The worst knock I read about the “Locke & Key” pilot in some pre-upfront coverage was that it moved too slowly, which could be taken to indicate it was boring. I did not find it boring – not at all, actually – but its pace, especially in the first half-hour, is deliberate.
Director Mark Romanek chose to use a fair number of wide, distant, static shots that give “Locke & Key” a creepy, spooky atmosphere. It’s an effective device that serves the material – but I could see how impatient network executives might drum their fingers on a conference room table, wondering when the pyrotechnics will kick in.
With a script by Josh Friedman (“Terminator: The Sarah Connor Chronicles”), the “Locke” pilot is pretty faithful to the graphic novel (by writer Joe Hill and illustrator Gabriel Rodriguez) upon which it is based.
"Locke & Key" begins with a tragedy in California when a family's patriarch, Rendell (Mark Pellegrino, who played Jacob on “Lost”), is killed by a disturbed young man, Sam Lesser (Harrison Thomas). Rendell’s widow, Nina (Miranda Otto), and her three children – teens Ty (Jesse McCartney, “Summerland”) and Kinsey (Sarah Bolger, “The Tudors”) and grade-schooler Bode (Skylar Gaertner) --move to Lovecraft, Mass,. to live in a family estate, Key House, and to be closer to the deceased's brother (Nick Stahl).
Once at Key House, evil continues to haunt the family both from across the miles and in their midst thanks to some supernatural keys that unlock doors in the house. Bode finds a key, opens a door and when he walks through it, he falls over dead and his ghost emerges from his body. When the ghost flies back through the door and re-enters Bode’s body, the little boy springs back to life.
Another reason Fox may have soured on “Locke” is the pilot’s focus: As in the graphic novel, much of the first hour is spent with Bode. Gaertner is a terrific young actor and I found his scenes compelling, although I can imagine a few viewers snickering at the Casper-like Bode ghost. (at left).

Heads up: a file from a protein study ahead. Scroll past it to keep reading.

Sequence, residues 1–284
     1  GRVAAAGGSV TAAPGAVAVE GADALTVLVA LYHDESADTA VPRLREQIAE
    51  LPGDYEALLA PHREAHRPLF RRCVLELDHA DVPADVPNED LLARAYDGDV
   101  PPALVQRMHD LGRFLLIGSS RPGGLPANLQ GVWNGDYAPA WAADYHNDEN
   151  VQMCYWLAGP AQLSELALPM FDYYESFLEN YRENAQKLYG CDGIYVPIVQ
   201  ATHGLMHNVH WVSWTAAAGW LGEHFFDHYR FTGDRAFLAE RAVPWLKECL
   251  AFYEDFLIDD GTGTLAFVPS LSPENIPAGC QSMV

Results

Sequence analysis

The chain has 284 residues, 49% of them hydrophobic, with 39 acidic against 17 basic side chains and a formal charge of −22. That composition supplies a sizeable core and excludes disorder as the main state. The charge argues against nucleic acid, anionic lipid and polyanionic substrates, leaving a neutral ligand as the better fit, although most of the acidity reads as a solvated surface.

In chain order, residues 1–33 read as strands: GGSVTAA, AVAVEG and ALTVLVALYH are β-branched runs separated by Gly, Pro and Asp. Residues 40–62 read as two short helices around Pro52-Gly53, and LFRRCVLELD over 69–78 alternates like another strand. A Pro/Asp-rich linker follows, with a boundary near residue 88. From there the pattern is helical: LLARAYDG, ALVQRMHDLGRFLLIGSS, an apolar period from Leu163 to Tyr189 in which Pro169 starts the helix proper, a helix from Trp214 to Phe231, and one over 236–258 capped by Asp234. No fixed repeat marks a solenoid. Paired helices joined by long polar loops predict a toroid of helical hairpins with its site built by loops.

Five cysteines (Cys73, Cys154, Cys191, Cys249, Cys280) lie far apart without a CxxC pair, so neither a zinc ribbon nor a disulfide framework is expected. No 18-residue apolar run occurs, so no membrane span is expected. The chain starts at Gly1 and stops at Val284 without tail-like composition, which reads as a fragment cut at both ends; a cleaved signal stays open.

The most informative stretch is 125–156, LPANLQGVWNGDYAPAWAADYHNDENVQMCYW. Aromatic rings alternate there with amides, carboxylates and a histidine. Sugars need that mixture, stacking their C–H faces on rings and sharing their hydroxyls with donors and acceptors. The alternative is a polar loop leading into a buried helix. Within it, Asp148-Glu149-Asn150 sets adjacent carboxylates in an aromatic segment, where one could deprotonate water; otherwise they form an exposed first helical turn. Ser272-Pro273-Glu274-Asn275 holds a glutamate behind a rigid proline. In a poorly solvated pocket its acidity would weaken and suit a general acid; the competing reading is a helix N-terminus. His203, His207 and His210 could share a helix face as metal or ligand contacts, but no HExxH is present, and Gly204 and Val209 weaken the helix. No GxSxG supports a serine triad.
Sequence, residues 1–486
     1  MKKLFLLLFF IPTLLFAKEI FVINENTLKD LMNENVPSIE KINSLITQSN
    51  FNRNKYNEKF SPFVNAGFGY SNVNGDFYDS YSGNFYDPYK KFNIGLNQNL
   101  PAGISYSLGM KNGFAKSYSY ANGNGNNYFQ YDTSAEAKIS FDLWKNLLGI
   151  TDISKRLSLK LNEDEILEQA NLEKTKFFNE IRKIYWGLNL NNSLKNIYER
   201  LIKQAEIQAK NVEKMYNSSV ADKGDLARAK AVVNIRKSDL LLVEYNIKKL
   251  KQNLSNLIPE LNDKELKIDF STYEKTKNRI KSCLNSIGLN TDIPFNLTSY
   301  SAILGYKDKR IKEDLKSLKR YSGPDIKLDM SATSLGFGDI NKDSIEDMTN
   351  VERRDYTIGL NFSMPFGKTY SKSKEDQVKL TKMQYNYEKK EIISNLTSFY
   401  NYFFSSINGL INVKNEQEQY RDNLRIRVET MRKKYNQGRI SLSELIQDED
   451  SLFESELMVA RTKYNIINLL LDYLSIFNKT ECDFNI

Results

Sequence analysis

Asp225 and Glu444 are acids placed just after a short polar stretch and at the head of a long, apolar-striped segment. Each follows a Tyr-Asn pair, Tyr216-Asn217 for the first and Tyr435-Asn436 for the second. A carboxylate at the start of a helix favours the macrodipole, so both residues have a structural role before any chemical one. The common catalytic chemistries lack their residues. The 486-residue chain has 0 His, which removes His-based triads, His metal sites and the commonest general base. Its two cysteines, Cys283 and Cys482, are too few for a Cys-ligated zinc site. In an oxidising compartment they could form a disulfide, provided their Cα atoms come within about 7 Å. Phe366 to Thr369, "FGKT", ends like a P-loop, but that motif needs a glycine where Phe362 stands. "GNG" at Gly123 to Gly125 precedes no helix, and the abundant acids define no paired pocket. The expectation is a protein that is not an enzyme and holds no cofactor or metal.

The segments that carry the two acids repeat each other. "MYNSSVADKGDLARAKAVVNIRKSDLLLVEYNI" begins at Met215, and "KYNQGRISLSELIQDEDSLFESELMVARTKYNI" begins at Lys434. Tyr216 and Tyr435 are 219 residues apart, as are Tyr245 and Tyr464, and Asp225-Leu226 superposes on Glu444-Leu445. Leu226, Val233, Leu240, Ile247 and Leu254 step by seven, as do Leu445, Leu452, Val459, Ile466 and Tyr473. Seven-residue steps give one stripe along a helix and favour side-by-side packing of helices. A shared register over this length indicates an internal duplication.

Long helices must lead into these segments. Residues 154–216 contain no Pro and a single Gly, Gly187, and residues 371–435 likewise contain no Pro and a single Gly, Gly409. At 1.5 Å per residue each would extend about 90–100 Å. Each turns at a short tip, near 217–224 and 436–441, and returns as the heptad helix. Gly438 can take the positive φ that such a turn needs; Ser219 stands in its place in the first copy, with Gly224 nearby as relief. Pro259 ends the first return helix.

Bode discovers a woman in a well inside a well house (above, right) on the Key House property. The well woman has some sort of psychic connection with imprisoned Lesser and manages to help him escape in exchange for him coming to Key House and helping her escape the well. (Why she’s trapped or what she intends to do when she gets out, is never explained in the pilot but presumably would have become clear in the series.)
The structure of the pilot is fairly sophisticated. It’s not a straight-forward plot, instead it unfolds, which could also be viewed as a no-no for a broadcast network (overall the “Locke” pilot feels more like something you’d see on cable, maybe on AMC, Showtime or HBO). Early scenes hint at Rendell’s death but flashbacks later in the pilot make it clear precisely what happened. This approach also allows the pilot to develop some of the characters, particularly Ty (Jesse McCartney, quite good in the role), who blames himself for his father’s death. Ty has a bond with his sister that, while true-to-life, is not often seen on TV, which makes an outburst Ty has in the cafeteria of his new school all the more shocking for the embarrassment it causes Kinsey.